But as the case stands, most economists never found to be beguiled by standard government accounting which centered on liabilities and in turn paid very little or no attention to assets. If money is invested to produce more assets (such as advanced technology, infrastructure, skilled human resource), then these assets counterbalance the new liabilities, and end up strengthening the national balance sheet (Moseley, 2011). These particular criterions entail that the tax cuts which constitute about one third of the stimulus parcel, has not made the mark (Stiglitz, 2009). The likelihood of Americans saving substantial fractions of the tax cut is high for they are burdened with heavy debt, are dubious about proper credit access and job security, and lastly had hefty parts of their wealth ruined because of the falling prices of assets. This entails that the tax cuts don’t have chances to provide much stimulus (Stiglitz, 2009). While appraising the actual size of the stimulus, it is needed to take into consideration the negative stimulus amounting from the automatic de-stabilizers constructed into state expenses (Granados, 2010; Alesina and Ardagna, 2009). A number of states have balanced budget frameworks. This implies that when tax revenues decline- like they do when the economy battles recession and when real estate costs nose-dive- either they need to snip down their expenditures or hike up the taxes (Taylor, 2009). A shortfall of $40 billion was faced by California on its own. Sometime ago the deficit of the States was approximated to be around $150 billion a year; but because the crisis has intensified that number has crawled up (Stiglitz, 2009). Therefore nearly half of the stimulus simply countervails the negative stimulus coming from the states. To make up for the State’s revenue shortages we should have ordained an elementary revenue sharing arrangement (Galbraith, 2008; Taylor, 2009). The stimulus package was expected to aid the States in a noteworthy manner, but would still not be enough. Once one considers the negative stimulus from the states we realize how poor our stimulus is a total of 1-2 percent of GDP. (Stiglitz, 2009)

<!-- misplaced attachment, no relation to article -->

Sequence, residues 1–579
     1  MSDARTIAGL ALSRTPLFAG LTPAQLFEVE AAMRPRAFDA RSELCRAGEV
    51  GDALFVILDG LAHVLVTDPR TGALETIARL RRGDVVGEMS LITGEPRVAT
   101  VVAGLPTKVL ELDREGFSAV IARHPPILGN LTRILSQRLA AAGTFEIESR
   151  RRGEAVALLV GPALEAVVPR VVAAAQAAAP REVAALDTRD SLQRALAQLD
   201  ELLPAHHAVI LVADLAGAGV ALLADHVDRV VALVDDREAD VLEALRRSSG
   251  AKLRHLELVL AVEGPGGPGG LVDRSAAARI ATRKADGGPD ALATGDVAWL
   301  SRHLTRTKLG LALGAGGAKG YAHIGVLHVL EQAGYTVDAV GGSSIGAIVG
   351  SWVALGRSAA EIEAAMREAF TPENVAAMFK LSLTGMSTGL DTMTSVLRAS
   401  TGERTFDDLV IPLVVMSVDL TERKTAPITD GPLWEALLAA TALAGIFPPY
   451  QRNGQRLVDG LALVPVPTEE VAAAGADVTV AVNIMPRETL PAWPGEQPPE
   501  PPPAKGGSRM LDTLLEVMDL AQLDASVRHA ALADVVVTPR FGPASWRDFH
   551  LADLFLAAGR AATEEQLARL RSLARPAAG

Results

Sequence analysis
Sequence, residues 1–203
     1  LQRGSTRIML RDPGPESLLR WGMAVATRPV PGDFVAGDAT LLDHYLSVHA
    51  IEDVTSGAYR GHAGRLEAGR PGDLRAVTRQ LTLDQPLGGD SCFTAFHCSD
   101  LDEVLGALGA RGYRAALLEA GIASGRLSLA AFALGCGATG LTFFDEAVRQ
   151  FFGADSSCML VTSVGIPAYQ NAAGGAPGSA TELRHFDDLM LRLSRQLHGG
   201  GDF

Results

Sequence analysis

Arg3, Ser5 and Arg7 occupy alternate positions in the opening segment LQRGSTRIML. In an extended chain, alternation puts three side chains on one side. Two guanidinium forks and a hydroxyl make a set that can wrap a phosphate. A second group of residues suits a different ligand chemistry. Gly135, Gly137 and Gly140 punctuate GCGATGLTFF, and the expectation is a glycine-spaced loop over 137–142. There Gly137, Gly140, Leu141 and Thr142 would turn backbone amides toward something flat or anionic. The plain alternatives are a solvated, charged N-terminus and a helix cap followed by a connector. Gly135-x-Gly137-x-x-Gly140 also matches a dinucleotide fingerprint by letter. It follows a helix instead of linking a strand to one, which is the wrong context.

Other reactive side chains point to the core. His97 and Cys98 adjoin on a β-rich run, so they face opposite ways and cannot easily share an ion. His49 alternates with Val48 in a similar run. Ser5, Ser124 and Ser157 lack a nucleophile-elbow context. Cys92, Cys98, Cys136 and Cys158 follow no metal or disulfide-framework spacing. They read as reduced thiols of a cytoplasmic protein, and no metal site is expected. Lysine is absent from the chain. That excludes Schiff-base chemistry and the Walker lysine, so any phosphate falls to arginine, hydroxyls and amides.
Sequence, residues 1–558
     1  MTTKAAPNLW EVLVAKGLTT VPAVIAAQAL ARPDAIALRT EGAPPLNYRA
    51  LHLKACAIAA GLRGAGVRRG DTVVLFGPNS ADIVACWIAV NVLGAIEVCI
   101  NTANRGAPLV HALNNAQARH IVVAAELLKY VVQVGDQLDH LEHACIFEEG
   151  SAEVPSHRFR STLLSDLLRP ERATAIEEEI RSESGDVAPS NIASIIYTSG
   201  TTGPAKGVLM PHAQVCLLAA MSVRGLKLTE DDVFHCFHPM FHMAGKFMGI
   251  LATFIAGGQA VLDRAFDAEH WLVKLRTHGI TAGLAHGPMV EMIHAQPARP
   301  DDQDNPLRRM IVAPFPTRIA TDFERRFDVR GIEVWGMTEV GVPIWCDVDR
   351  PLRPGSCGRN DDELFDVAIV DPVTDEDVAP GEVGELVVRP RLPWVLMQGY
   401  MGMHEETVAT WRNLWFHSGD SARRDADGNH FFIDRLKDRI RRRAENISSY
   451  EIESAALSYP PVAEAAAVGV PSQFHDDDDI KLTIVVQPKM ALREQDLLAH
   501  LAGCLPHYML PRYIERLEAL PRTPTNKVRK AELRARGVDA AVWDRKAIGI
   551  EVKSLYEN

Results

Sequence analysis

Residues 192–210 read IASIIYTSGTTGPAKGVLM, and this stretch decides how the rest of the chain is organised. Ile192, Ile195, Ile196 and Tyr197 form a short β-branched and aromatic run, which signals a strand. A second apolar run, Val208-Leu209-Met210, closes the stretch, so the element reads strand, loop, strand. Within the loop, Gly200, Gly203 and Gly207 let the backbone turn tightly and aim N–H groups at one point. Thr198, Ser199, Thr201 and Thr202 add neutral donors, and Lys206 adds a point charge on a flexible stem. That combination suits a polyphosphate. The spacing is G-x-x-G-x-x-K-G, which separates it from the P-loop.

In spite of giving stimulus, there is still high degree of inadequacy in aggregate demand. With the help of some computing, in the US there has been wealth destruction of $15 trillion, a sum equal to the GDP. A diminution this could be anticipated to generate a decrease in consumption of between 5 and 6 percent of GDP. The consumption decrease, possibly over a period of several years, might be even bigger. (Stiglitz, 2009) Americans were not living within their income. They had to borrow to fulfill their living standards, while median real incomes dropped, and currently they are dropping even more.